I became familiar with the hiring process from the standpoint of an applicant, most recently as a newly recruited Assistant Professor. Despite this lived experience, being at the leading edge of hiring my own team is much less familiar. Here, I share some tips and tricks for new group leaders to consider when building their research team. My recent lessons learned.

Some of these steps can be done well ahead of your official start date. If you have the bandwidth to start hiring before you arrive, reach out to your department administrator about how to do so.

1) Writing a job advertisement: I recommend beginning by reflecting upon the role you hope the employee you hire will fill in your group. Will they have managerial or administrative responsibilities? Will they train others? Consider what technical, interpersonal, and organizational skills this person needs to possess to be successful in this role.

Next, write the job advertisement. Begin by reaching out to relevant division and human resources administrators as there may be specific requirements and language that must be included the job ad. In addition to the requirements, I recommend providing information about your research program. Listing expectations for successful candidates will help prepare applicants for what is to come should they join your group.

2) Advertising your position: While your institution can advertise your open position through institutional job boards, professional websites (LinkedIn, Indeed, Academic Keys, etc.), and society job boards (ASCB, SACNAS, etc.), group leaders can also contribute to this process. If you have a strong social media presence, advertising on Twitter, LinkedIn, or Facebook accounts may help bring attention to the opening. If not, you may have collaborators or trainees who can endorse the position on Twitter to help spread the word. Attend recruiting events to put a face to the name of their laboratory. These could be internal events (i.e.: graduate program events, departmental poster sessions) or external events (i.e.: society-sponsored online career events, networking hours at conferences).

3) Interviewing and preparation: Once you have decided whether an applicant is a good fit for the position, you can begin to interview candidates. The type of interview may vary depending on the position. For example, for a postdoctoral candidate, I first perform a phone “screener” interview (~15-20 minutes, conversational but led by a set of questions I wrote). If this phone screener interview is successful, then I host a full interview with the candidate and members of my lab. During this full interview, I ask the candidate to present a 30–40-minute virtual research presentation to my lab. However, because my lab was just me when I interviewed my first postdoctoral candidate, I invited members of the hematology community within my Division at Fred Hutch to join the seminar along with research colleagues/collaborators from other institutions whom I trust. It was SO helpful to have supportive and inquisitive scientists join the seminar! My colleagues asked thoughtful questions, helped show the candidate the diversity of research at the Center, and provided insight that helped me decide whether to make an offer to the candidate.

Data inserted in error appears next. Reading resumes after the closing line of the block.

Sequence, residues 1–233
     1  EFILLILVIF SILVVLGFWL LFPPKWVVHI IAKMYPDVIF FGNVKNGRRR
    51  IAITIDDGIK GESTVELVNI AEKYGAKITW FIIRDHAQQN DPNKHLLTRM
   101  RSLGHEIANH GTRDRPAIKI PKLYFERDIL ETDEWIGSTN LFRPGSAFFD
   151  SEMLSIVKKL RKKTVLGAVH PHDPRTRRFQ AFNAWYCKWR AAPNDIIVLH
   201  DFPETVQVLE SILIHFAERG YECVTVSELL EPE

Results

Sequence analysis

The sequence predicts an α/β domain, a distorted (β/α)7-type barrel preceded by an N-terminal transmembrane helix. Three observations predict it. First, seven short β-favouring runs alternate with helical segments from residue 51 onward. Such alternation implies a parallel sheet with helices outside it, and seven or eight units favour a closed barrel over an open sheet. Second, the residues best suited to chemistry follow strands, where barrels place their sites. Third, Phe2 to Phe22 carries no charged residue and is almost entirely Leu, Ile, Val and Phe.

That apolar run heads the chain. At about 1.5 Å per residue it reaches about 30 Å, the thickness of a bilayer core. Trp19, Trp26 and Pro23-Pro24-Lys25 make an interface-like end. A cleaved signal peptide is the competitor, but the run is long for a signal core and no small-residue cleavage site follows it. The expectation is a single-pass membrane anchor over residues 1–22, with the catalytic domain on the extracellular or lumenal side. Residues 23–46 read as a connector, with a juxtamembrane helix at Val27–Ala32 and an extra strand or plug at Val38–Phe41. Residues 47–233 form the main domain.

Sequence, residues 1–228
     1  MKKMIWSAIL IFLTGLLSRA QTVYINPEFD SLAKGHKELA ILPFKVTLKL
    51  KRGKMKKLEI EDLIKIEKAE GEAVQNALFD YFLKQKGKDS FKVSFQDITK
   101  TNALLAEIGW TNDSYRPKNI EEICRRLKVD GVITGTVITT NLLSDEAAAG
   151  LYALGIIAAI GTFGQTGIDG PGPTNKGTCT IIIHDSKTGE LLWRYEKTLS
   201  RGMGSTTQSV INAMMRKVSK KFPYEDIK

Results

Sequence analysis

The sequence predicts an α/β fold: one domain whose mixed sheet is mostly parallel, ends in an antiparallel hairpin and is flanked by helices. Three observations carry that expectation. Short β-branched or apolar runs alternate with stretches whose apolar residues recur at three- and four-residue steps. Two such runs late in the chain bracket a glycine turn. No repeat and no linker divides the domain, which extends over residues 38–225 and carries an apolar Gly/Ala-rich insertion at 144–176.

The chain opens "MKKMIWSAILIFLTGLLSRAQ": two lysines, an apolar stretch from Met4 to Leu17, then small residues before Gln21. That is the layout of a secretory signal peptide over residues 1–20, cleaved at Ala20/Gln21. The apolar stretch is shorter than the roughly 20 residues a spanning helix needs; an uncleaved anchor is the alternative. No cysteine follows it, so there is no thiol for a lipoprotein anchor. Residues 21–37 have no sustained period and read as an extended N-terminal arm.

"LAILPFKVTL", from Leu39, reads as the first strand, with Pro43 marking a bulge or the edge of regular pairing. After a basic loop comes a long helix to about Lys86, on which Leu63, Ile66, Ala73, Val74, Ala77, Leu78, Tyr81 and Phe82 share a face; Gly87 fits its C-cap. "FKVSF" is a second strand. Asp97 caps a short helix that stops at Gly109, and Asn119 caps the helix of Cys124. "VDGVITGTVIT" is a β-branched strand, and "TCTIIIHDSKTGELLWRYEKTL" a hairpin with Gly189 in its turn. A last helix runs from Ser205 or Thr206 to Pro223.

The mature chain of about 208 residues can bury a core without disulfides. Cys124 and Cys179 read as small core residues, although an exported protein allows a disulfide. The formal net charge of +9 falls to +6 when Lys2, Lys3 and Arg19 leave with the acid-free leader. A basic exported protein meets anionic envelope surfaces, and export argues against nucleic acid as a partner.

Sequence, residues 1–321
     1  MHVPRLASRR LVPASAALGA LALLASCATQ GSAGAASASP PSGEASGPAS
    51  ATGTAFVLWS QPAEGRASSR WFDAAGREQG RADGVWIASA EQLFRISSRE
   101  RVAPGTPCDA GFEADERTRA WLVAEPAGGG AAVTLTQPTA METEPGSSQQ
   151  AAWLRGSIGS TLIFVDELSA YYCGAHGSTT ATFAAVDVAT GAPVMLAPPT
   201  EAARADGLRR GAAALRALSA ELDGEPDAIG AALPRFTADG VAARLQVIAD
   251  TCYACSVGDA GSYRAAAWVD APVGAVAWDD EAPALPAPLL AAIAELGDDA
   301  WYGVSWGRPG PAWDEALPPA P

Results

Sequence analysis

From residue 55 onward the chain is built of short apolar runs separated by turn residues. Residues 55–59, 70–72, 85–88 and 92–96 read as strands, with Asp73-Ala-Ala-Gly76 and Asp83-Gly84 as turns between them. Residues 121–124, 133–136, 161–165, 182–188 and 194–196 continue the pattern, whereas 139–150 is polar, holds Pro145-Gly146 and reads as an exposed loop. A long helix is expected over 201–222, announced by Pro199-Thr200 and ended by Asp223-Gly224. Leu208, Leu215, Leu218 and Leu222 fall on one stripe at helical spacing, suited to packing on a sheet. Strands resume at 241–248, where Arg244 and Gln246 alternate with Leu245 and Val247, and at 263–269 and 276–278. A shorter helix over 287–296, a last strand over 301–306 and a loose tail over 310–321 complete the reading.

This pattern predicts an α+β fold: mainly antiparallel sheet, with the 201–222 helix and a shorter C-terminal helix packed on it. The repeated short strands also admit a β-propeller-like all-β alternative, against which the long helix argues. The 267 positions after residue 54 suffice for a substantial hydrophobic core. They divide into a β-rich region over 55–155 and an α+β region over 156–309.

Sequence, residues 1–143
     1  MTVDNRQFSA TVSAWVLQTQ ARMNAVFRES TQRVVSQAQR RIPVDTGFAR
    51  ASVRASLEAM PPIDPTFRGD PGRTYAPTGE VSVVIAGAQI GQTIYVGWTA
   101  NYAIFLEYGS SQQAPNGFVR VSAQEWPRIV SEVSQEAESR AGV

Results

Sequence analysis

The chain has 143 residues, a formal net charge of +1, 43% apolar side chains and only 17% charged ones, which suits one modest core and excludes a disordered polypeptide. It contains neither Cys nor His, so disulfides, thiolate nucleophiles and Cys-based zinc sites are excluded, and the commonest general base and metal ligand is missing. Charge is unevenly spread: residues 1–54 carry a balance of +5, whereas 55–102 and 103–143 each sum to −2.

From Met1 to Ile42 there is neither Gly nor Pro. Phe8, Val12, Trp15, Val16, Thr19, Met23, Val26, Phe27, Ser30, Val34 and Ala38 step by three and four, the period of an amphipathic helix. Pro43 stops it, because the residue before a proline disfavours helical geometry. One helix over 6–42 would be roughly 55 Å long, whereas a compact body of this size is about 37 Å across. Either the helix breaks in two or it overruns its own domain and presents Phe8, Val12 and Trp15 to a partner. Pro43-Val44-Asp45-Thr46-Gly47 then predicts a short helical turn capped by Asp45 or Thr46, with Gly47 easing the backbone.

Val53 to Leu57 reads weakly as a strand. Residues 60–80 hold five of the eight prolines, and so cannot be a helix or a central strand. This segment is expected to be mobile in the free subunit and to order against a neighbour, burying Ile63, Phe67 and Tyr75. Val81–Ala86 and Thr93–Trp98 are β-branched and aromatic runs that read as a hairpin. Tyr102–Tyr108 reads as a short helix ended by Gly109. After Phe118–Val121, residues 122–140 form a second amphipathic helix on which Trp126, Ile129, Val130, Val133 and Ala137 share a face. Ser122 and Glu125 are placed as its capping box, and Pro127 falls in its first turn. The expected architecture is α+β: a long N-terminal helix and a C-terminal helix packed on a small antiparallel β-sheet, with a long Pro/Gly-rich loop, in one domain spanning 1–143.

After the seminar, the applicant and I met for a more formal interview where we could speak in-depth about their research and discuss projects in my laboratory. I also created a list of interview questions that I used to guide this conversation. For a postdoc, these questions range from “What do you believe are your strengths as a scientist? What do you want to improve upon or learn during your next phase of training?” to “What traits do you want in a postdoctoral mentor? What style of mentoring do you prefer as a mentee?”. I use this list of questions to guide the interview while also making sure to leave time for the candidate to ask me questions. Using a list of interview questions to direct your one-on-one conversation helps ensure upon completion of the meeting, you have gathered the necessary information to inform your hiring decision.

Along these lines, I have a set of questions for all types of positions I plan to fill in my lab, including postdoctoral fellows, research technicians, undergraduate researchers, and graduate rotation students. Being able to take notes directly on this set of questions is also hugely helpful for me when I go back to review my notes.

Conclusions

As a new group leader, taking care to hire individuals who have the skills and qualities to be successful is incredibly important for your own success. Being thorough in creating a job advertisement and interviewing candidates can help ensure you make the best possible decision to support the success of your group.

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